Many factors go into a judge's sentencing decision, such as the circumstances of the offense and whether the defendant has any prior convictions. At this early stage, we can't know what's in store for Trump and will have to wait and see as the case unfolds.
(N.Y. Penal Law §§ 70.00, 70.25 (2023).)
No. A "gag order" generally prohibits any discussion of the case, and these orders rarely survive constitutional challenges. The judge in Trump's case issued a protective order that directs Trump and his lawyers not to disseminate evidence shared by the prosecution online or with third parties. Trump remains free to discuss his case and defend himself.
Currently, both sides—the prosecution and defense—are engaged in criminal discovery, meaning each side has certain obligations to share evidence that they may use at trial. Criminal discovery is meant to prevent surprises in a case and allow a defendant to adequately prepare their defense. The DA's office requested a protective order to limit Trump's ability to share or disclose the government's evidence with anyone outside his defense team, citing Trump's history of attacking witnesses, judges, prosecutors, and others in cases against him. The judge agreed and issued the order.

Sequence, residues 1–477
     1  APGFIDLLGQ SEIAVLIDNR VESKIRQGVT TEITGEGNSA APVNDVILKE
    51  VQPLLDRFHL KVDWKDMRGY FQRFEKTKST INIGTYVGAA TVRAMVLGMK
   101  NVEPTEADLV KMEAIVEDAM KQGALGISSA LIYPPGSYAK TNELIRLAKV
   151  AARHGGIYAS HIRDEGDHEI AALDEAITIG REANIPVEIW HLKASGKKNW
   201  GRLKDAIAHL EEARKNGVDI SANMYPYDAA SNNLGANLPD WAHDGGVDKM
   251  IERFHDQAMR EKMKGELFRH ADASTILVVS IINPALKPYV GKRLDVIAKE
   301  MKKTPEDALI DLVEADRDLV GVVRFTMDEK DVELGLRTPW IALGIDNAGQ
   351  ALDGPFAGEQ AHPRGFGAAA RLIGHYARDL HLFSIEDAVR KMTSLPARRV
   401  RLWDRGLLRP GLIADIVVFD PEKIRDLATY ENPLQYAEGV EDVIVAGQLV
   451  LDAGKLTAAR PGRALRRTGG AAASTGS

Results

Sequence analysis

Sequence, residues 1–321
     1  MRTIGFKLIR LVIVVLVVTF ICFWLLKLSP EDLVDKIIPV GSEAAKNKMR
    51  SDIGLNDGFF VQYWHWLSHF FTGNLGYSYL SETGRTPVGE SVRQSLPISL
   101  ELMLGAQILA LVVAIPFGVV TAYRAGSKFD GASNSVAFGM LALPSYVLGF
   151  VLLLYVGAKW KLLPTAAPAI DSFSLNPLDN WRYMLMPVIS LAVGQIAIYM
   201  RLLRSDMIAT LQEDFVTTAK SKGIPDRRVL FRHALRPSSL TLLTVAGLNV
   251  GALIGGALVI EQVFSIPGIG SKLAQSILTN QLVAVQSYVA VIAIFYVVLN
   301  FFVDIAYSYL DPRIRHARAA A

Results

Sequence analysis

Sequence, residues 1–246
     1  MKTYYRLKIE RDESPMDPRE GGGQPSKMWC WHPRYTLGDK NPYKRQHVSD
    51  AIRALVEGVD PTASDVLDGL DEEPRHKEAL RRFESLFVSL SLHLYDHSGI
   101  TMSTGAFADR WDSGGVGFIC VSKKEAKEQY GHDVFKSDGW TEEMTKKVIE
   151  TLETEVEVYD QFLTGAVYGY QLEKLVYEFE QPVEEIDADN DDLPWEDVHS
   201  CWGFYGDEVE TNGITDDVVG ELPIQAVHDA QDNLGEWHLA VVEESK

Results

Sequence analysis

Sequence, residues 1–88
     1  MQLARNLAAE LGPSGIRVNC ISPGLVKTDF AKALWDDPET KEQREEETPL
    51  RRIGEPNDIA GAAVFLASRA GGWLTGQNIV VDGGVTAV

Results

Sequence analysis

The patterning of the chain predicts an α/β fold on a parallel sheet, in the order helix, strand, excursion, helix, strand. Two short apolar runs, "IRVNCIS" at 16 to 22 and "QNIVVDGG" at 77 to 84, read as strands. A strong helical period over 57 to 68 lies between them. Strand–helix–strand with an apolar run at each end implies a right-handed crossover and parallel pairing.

The order specifically states that evidence and information turned over by the DA's office cannot be shared with third parties or posted to news or social media platforms, such as "Truth Social, Facebook, Instagram, WhatsApp, Twitter, Snapchat, or YouTube, without prior approval from the Court…." If Trump or his lawyers violate the order, they can be charged with criminal contempt in the second degree, a misdemeanor.
(N.Y. Crim. Proc. Law § 245.70 (2023).)
Barring any unforeseen events, Trump doesn't need to return to court until January 4, 2024. The judge tentatively scheduled a trial date of March 25, 2024.
Between now and 2024, the government prosecutors and Trump's defense team will be filing and arguing pretrial motions that will set the stage for a possible criminal trial. These motions will likely ask the judge to dismiss the case or certain charges, exclude certain evidence, or move the case to another location. Trump's defense team has already requested that the case be moved from state to federal court. A hearing has been set for June 27th on this issue.
(N.Y. Crim. Proc. Law §§ 210.20, 210.40 (2023).)